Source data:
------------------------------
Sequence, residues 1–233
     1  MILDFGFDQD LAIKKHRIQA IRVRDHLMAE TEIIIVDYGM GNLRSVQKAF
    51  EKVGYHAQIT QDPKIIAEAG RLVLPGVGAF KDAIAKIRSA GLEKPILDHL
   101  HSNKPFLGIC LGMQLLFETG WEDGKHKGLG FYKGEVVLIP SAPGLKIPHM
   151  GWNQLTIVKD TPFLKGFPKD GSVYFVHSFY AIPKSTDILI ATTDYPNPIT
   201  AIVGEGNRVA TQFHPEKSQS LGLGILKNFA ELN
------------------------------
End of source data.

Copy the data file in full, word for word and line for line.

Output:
Sequence, residues 1–233
     1  MILDFGFDQD LAIKKHRIQA IRVRDHLMAE TEIIIVDYGM GNLRSVQKAF
    51  EKVGYHAQIT QDPKIIAEAG RLVLPGVGAF KDAIAKIRSA GLEKPILDHL
   101  HSNKPFLGIC LGMQLLFETG WEDGKHKGLG FYKGEVVLIP SAPGLKIPHM
   151  GWNQLTIVKD TPFLKGFPKD GSVYFVHSFY AIPKSTDILI ATTDYPNPIT
   201  AIVGEGNRVA TQFHPEKSQS LGLGILKNFA ELN